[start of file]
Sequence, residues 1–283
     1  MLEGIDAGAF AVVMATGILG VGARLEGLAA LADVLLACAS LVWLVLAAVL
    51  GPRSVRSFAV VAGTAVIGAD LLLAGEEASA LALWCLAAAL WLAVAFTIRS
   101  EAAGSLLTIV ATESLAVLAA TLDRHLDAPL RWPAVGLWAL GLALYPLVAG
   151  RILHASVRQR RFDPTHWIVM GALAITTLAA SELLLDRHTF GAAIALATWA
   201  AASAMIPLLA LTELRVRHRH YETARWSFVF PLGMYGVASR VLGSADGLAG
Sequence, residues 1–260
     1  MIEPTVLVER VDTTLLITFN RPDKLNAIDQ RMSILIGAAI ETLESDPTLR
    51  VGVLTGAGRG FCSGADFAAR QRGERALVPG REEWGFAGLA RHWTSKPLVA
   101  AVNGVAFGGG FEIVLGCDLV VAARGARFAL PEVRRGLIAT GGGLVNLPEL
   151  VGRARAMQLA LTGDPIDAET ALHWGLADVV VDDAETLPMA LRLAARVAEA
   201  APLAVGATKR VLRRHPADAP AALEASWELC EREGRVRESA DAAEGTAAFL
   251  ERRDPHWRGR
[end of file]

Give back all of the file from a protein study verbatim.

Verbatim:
Sequence, residues 1–283
     1  MLEGIDAGAF AVVMATGILG VGARLEGLAA LADVLLACAS LVWLVLAAVL
    51  GPRSVRSFAV VAGTAVIGAD LLLAGEEASA LALWCLAAAL WLAVAFTIRS
   101  EAAGSLLTIV ATESLAVLAA TLDRHLDAPL RWPAVGLWAL GLALYPLVAG
   151  RILHASVRQR RFDPTHWIVM GALAITTLAA SELLLDRHTF GAAIALATWA
   201  AASAMIPLLA LTELRVRHRH YETARWSFVF PLGMYGVASR VLGSADGLAG
Sequence, residues 1–260
     1  MIEPTVLVER VDTTLLITFN RPDKLNAIDQ RMSILIGAAI ETLESDPTLR
    51  VGVLTGAGRG FCSGADFAAR QRGERALVPG REEWGFAGLA RHWTSKPLVA
   101  AVNGVAFGGG FEIVLGCDLV VAARGARFAL PEVRRGLIAT GGGLVNLPEL
   151  VGRARAMQLA LTGDPIDAET ALHWGLADVV VDDAETLPMA LRLAARVAEA
   201  APLAVGATKR VLRRHPADAP AALEASWELC EREGRVRESA DAAEGTAAFL
   251  ERRDPHWRGR